? Chilean winery buys Fetzer: Concha y Toro, a Chilean producer whose products range from grocery store wine to the the pricey stuff, will buy Fetzer Vineyards from Brown-Forman, best known for booze brands like Jack Daniels and Southern Comfort. Brown-Forman will get $238 million for Fetzer and a couple of other wine labels as it flees as quickly as it can from the wine business. The Louisville-based drinks giant is yet another multi-national that saw that wine was a little more difficult to manage than it thought, following Constellation and Diageo. At least Brown-Forman was moderately successful with Fetzer, where sales increased from 2 million to 3 million case in the 20 years that it owned the brand. And it apparently turned a profit on the sale, which is more than Constellation did when it sold its Australian brands.
? What's a kangaroo? Depends on who you ask. The Wall Street Journal reports that the company that owns Australian wine behemoth Yellow Tail is suing U.S. wine behemoth The Wine Group over the animal on the latter's Little Roo wines. Yellow Tail says the kangaroo on the Little Roo label looks too much like the wallaby on the Yellow Tail label, and is suing The Wine Group in federal court for trademark infringement. As noted elsewhere on the blog, does anyone really care about this stuff except the high pockets lawyers who are paying for their second homes with these lawsuits?
? Treat women better, please: This, from Lauren Shockey, a restaurant critic at the legendary Village Voice: "[S]everal recent dinners have irked me enough to rant about the way I'm treated when it comes to ordering wine. In short, sommeliers and waiters think that just because I'm a young woman, I'm incapable or don't possess enough knowledge to a) navigate a wine list b) order the wine and c) taste the wine. Which is downright insulting." And Shockey is absolutely correct. Too many waiters and sommeliers treat young women this way, which does seem kind of odd since women buy more wine than men. But, if it makes Shockey feel any better, too many of them treat the Wine Curmudgeon as if he is incapable of ordering wine, as well. I think this has as much to do with the general lack of wine skill that most restaurants expect from their employees.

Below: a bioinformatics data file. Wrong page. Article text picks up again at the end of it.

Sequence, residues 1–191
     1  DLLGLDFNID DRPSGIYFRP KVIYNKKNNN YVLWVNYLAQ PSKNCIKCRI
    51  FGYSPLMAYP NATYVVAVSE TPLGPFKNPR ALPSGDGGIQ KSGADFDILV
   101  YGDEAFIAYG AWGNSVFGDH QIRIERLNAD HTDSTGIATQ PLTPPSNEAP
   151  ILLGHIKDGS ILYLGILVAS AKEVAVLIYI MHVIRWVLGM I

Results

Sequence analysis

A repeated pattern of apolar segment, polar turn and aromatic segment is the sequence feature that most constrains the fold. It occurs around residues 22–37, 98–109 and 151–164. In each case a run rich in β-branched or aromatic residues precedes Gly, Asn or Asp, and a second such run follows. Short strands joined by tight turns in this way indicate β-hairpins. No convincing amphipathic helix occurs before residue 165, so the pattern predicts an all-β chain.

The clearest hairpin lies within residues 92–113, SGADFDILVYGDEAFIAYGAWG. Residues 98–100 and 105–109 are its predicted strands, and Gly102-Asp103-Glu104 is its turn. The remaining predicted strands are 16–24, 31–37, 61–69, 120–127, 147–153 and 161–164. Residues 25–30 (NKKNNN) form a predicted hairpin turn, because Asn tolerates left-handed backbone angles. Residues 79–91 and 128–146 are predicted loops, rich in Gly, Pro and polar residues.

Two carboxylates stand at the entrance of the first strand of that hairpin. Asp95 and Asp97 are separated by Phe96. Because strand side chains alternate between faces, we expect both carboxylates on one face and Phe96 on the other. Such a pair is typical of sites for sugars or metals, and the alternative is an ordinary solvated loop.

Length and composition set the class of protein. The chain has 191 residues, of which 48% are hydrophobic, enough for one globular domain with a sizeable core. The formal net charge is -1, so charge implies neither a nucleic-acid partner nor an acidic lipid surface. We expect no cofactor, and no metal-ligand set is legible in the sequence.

? Airline wine quality: Yes, flights are oversold, the overhead bins are crammed, and the seats are uncomfortable. But know what's worse? The wine is lousy, reports the Baltimore Sun, especially for those of us who fly in coach. Which, come to think of it, may be why the Wine Curmudgeon has not had a glass of wine on a plane in years. Typically, they're brands I've never heard of (or avoid because I have heard of them), and the article notes that many U.S. airlines don't much care about wine quality.
? Oregon pinot noir fight: What happens when one Oregon winery says it's the birthplace of pinot noir, the state's national grape? The other wineries that claim they're the birthplace take exception, and nasty fight develops. Oregon's News-Times newspaper has the details, in which the men who run Eyrie and Hillcrest wineries have taken exception to a marketing campaign that says what is now the David Hill winery was the pinot pioneer. This is as sad as it is predictable, a function of the way the wine business works. I've seen these kinds of squabbles in many other states, including Texas. What people lose sight of, said one Oregon winemaker, is that "Boasting about where Oregon pinot was born is really antithetical to the culture of how Oregon wineries sell our wine and educate people about the area."
? New York board will close?: New York's budget crisis could mean an end to the state's wine organization, which would be a huge mistake. The New York Wine and Grape Foundation saw its funding removed from the state's proposed budget, which means it would close in June. The foundation and president Jim Trezise have done miraculous work for New York wine — and for all of regional wine — and eliminating the organization will undo much of that success. It's difficult to believe that the state doesn't have $700,000, which the foundation spent last year, for the next budget.